Akinola in combat
By Diogenes (articles ) | Oct 18, 2005
Your Uncle Di makes no secret that he's a fan of Anglican Archbishop Peter Akinola of Nigeria. Here's a link to his recent letter in response to the Primate of Ireland, Robin Eames. A good read.
Content apart, Akinola writes some of the most un-episcopal prose on the market, and for an author I can think of no higher compliment. His writing is almost entirely fat-free, almost all muscle. Try cutting out a clause without loss and you'll find you can't do it. C.S. Lewis once wrote that the secret of a good style is to decide exactly what you want to say and to say that just that. Akinola clearly knows what he's about.
I also admire the way he refuses to be patronized, refuses to have his head patted, refuses to be talked out of the Faith by that div school jargon that impresses -- or at least cows into submission -- less robust souls.
His challenge to his opponents is quite simple: I claim that you have abandoned the biblical faith, the 'faith delivered to the Saints.' You deny it. Yet you can point to no orthodox Christian in the history of the Church -- outside your own contemporary clique -- who did not abominate the opinions you profess. I can't join in your beliefs without cutting myself off from the Church that preceded us, without ceasing to be a Christian -- not because I'm narrow, but because the thing is a logical impossibility.
Akinola is a Protestant, but his reasoning owes more than he acknowledges to Catholic readings of Scripture and the development of doctrine. It seems that a split from Canterbury is inevitable. He might end up a new Wesley, using moral rigorism to rescue Anglicanism from itself, or he might end up on our side of the Tiber. Not for his good alone, I pray it's the latter.
An appeal from our founder, Dr. Jeffrey Mirus:
Dear reader: If you found the information on this page helpful in your pursuit of a better Catholic life, please support our work with a donation. Your donation will help us reach seven million Truth-seeking readers worldwide this year. Thank you!
Progress toward our January expenses ($10,776 to go):
All comments are moderated. To lighten our editing burden, only current donors are allowed to Sound Off. If you are a donor, log in to see the comment form; otherwise please support our work, and Sound Off!
Posted by: Fr. William -
Oct. 19, 2005 4:45 PM ET USA
I join you in prayer, Diogenes and "FrPhillips," for Abp. Akinola, & his conversion to the fullness of the Faith in the Catholic Church... and, afterward, for the Holy Father to appoint him to a diocese in the US, where he would, I hope, have a very motivating impact on our bishops in the USCCB...
Posted by: -
Oct. 19, 2005 9:11 AM ET USA
The name of the bishop who chided Akinola was John Chane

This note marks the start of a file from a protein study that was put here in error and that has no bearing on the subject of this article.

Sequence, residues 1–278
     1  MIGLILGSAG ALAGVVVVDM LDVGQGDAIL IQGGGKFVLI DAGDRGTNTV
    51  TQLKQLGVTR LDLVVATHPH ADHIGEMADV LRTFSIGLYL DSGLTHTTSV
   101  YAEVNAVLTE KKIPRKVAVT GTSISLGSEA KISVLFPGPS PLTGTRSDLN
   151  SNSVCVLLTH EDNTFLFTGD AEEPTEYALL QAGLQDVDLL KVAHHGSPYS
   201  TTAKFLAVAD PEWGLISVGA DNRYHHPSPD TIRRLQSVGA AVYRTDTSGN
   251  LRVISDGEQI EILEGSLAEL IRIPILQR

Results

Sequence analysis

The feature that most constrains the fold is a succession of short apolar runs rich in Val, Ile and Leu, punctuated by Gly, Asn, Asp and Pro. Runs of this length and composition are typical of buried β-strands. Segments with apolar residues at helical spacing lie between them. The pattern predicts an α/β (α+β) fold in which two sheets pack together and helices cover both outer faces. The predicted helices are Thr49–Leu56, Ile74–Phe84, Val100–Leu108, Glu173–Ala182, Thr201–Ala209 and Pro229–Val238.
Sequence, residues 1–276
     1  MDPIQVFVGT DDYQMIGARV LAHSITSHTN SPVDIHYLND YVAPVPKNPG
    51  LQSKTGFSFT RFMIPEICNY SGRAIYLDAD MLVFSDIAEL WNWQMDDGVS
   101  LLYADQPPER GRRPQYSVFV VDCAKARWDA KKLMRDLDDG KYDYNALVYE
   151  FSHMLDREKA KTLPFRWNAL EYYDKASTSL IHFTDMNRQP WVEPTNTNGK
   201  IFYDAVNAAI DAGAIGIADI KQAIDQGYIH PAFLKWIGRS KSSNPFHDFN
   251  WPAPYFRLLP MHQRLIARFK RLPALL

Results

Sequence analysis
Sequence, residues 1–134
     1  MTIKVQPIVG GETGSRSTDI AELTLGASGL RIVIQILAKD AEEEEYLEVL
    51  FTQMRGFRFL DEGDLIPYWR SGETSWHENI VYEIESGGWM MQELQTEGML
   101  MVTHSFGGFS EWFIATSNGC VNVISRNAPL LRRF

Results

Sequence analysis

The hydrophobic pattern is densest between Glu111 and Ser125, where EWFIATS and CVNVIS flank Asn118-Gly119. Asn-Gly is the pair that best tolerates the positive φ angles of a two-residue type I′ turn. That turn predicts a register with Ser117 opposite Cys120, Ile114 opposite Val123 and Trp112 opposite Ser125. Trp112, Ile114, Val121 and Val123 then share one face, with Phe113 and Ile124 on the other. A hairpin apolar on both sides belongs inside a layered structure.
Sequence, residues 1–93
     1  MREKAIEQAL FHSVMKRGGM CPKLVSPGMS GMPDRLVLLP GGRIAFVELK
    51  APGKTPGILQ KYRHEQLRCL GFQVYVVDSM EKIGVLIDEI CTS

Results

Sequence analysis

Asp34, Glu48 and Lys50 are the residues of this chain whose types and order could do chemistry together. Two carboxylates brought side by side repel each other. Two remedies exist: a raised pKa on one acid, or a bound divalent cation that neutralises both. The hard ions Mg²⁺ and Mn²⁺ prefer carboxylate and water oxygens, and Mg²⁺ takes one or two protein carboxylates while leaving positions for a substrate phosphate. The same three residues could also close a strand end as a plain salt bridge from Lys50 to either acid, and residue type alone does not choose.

Posted by: Janet Baker -
Oct. 18, 2005 6:51 PM ET USA
Not too long ago, the Episcopal bishop of Washington DC chided Bishop Akinola for his focus on matters of morality while "neglecting social justice" and other such tripe. This bishop (name escapes me at the moment) was present at the "ordination" of the openly gay bishop - figures, doesn't it? God bless Bishop Akinola! Perhaps he could give Cardinal McCarrick and others some pointers!
Posted by: John J Plick -
Oct. 18, 2005 6:49 PM ET USA
Are we exalting Peter or are we exalting Jesus (and I don't mean Peter Akinola most definitely)? If a man follows God he will ultimately find the Catholic Church, either in this life formally or mystically in the next It would seem to me that many of us make an idol out of "formal" membership in the Catholic Church instead of facing squarely issues of repentance and reparation We prefer to keep our eyes shut, under the guise of "concern for others" and pretend that hypocrisy doesn't matter
Posted by: -
Oct. 18, 2005 6:04 PM ET USA
Historically, the Anglican Church has been a "big tent" for extremely diverse groups. Once it fragments --- and it will --- the various sects will go their own way. Some will seek unity with Peter. Others will splinter further, mutate, or eventually die off.
Posted by: FrPhillips -
Oct. 18, 2005 6:02 PM ET USA
While I have the deepest respect for Archbishop Akinola and his stance, Anglicanism still contains the seeds of its own destruction, which is why I left it for Rome nearly a quarter of a century ago. Separated from the Rock upon which Christ founded His Church, even a man like the archbishop, trying to remain faithful, cannot walk in mid-air forever. I pray that he, and those like him, will find the firm foundation they yearn for, which necessitates unity with the Successor of St. Peter.
Posted by: Gil125 -
Oct. 18, 2005 5:22 PM ET USA
Can anybody name a Roman Catholic bishop who would be capable of as many consecutive words of one syllable? With the possible exception of Cardinal Arinze.
Posted by: Gerry H -
Oct. 18, 2005 5:04 PM ET USA
It seems to me that Akinola is on the verge of forming a new denomination. It may have "Anglican" in its name, but it will be distinct. It will have to be, if it is to hold the tenets he is espousing, because the existing Anglican denomination has clearly shown itself incapable of doing so. That has been its failing. It has proven incapable of holding and defending those truths that it has. Simply espousing them has proven not to be enough.
Posted by: Pseudodionysius -
Oct. 18, 2005 4:14 PM ET USA
I have only one editorial suggestion for your homage to Akinola. Your reference to div school jargon and less robust souls should echo TS Eliot's hollow souls; less robust is much too kind an adjective. Less robust souls are merely playing footsie with heresy; hollow souls are most of the way there.